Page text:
Can lead to:
|Posted on 25 June, 2014 at 9:22||comments (0)|
We must be willing to let go of the life we’ve planned, so as to have the life that is waiting for us.
~ Joseph Campbell
Once you have decided that getting organized is in order, sorting through your belongings will be a key part of the process. Sometimes we can look at the same items over and over and not really know how to make a decision about what to do with them. This list of thirty-seven questions should help you in that decision-making process. Check down the list when you are stumped with an object and see what questions help move you forward.
01. Does it belong to someone else?
02. Is it too worn/broken/unidentifiable to use?
03. Are you legally required to keep it?
04. Is there a tax reason to keep it?
05. Would you need this check / document in a legal dispute?
06. Will you actually use it/refer to it? (Have you in the past?)
07. Will you really read it? When?
08. Is the information still current? (or can newer information be found online?)
09. Have you used it in the last year?
10. Do you think you will use it again (or for the first time) and what circumstances will have to be in place in order for you to use it?
11. Are you really going to finish this project? When?
|Posted on 25 April, 2014 at 16:22||comments (3)|
Do you make lists? I do. Grocery lists, packing lists, party-planning lists, to-do lists…my list of lists goes on and on!
The basic rules of list-making are to record all the pertinent information, review the list regularly in order to utilize it well and finally to renew or update the list as items are crossed off and new ideas need to be captured.
Yet, Sometimes, even with the best of lists, it can feel like time is galloping out of our control and we are merely trying to stay on the horse that is our crazy schedule – never mind the style points!
When it comes to lists, there are some challenges that seem to be universal. Here's..well yes, a list! of some common hurdles:
Click here to read about tips and tricks that will keep you on the horse and set the pace that works for you.
|Posted on 29 March, 2014 at 17:48||comments (0)|
Ways to freshen up your home this spring:
Pantry purge. During the winter months, like many mammals, we may tend to stockpile supplies. Our cupboards can become stuffed with soups, cocoas and comfort-snacks. As this happens, more often than not, other food items get pushed out of sight. Set aside an hour on a nice spring morning to empty out a shelf or two at a time, wipe them down, discard outdated or unwanted food items and reorganize what’s left back onto the shelves.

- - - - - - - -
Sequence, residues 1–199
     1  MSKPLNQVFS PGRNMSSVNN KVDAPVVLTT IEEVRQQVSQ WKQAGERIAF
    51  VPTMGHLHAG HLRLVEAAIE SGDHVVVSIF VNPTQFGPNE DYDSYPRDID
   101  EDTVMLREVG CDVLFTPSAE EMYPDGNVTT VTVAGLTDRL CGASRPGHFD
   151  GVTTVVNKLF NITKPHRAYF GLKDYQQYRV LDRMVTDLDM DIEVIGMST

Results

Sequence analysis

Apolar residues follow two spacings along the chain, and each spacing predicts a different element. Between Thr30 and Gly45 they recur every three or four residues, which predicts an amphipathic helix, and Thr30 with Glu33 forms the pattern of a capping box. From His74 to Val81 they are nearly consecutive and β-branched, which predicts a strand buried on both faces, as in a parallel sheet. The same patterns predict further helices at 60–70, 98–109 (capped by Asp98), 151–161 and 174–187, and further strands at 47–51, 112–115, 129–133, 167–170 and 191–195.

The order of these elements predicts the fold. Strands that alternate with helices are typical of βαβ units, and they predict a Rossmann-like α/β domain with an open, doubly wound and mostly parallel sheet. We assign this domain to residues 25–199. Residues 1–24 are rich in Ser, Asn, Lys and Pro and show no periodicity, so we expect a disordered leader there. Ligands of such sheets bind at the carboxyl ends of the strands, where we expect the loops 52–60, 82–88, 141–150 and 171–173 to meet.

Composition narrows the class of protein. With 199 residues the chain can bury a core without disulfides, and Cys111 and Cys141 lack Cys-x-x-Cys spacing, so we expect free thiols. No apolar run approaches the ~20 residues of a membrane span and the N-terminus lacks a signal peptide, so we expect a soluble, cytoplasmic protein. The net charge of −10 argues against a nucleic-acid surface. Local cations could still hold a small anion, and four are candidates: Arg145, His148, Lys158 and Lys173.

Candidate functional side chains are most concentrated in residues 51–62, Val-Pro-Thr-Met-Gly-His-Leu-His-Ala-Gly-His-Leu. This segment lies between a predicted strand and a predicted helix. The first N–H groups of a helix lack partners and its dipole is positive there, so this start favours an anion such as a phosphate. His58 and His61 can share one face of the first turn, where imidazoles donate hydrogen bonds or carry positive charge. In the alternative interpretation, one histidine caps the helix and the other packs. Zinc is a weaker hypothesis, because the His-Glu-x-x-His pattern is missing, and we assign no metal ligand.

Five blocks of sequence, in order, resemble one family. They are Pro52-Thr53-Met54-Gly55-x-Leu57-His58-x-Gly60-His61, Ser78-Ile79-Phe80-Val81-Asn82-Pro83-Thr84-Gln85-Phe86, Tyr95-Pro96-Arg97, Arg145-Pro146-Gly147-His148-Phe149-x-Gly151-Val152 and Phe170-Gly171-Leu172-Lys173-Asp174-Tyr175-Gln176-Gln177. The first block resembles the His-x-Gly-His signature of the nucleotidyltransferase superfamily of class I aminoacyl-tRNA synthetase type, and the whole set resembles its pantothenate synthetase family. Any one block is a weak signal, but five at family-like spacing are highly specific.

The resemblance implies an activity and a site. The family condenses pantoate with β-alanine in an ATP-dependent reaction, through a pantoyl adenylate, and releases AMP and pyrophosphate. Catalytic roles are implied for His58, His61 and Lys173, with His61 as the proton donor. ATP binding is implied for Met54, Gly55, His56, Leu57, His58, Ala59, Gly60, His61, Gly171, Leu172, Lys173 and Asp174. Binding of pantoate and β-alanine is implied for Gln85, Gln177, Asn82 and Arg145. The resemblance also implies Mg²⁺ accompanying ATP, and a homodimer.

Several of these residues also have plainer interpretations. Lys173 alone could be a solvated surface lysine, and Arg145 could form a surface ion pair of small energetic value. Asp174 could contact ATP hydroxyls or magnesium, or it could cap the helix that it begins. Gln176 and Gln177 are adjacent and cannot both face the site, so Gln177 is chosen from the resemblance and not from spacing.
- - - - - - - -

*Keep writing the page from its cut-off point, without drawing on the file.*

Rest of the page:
Counter-attack. Throw open the kitchen and bathroom windows and take a look at your counters. The fresh air will help energize you while you remove all items and give the counters a good wipe-down. Throw out any trash or items you don’t need and put away anything that has wondered out of its appropriate home. Return to the counter only those things that you absolutely must have out or that make you happy.
Want more tips? Read the full article here.
|Posted on 11 March, 2014 at 18:57||comments (1)|
Organized people are decision makers.
"In general, organized people can say, 'This is good enough,' and then move forward," says Reyman. "It doesn't have to be perfect, and we don't have to rehash it 10,000 different ways." Organized people consider their options, choose one and stick to it, without looking back with regret on the paths not taken, she says.
|Posted on 20 January, 2014 at 19:16||comments (5)|
I've got all the money I'll ever need, if I die by four o'clock.
- Henny Youngman
Hiring a professional organizer can save you money.
Are you one of those people who has so much money you just don't know what to do with it? You know, extra cash just laying around collecting dust. No? Me neither.
I will be speaking at the Philadelphia Home Show this coming weekend. Last year, Mark Brunetz of the reality show Clean House, spoke before me. I really enjoyed listening to him speak about his experiences working on the show and with people who really needed help getting their homes back in order. He also had a lot of great information to share.
One thing Mark shared was the statistic that one in every ten Americans rents a storage unit. One in twenty rent multiple.
First, I just want to say that there are many good reasons to rent a storage unit, some of them being:
to name a few.
However, "I have more stuff than what can fit into my home" is not one of them. If you have more than what you can fit into your home you either have too much stuff or need to buy a bigger home.
If buying something bigger is not an option, think about this: A 5 X 10 foot storage unit averages about $175.00 per month. Would you rather pay $175 dollars to store things you don't use, or put $175 extra into your budget each month? That's an extra $2,100.00 per year.
Consider what it's worth before you pay one more month's rent.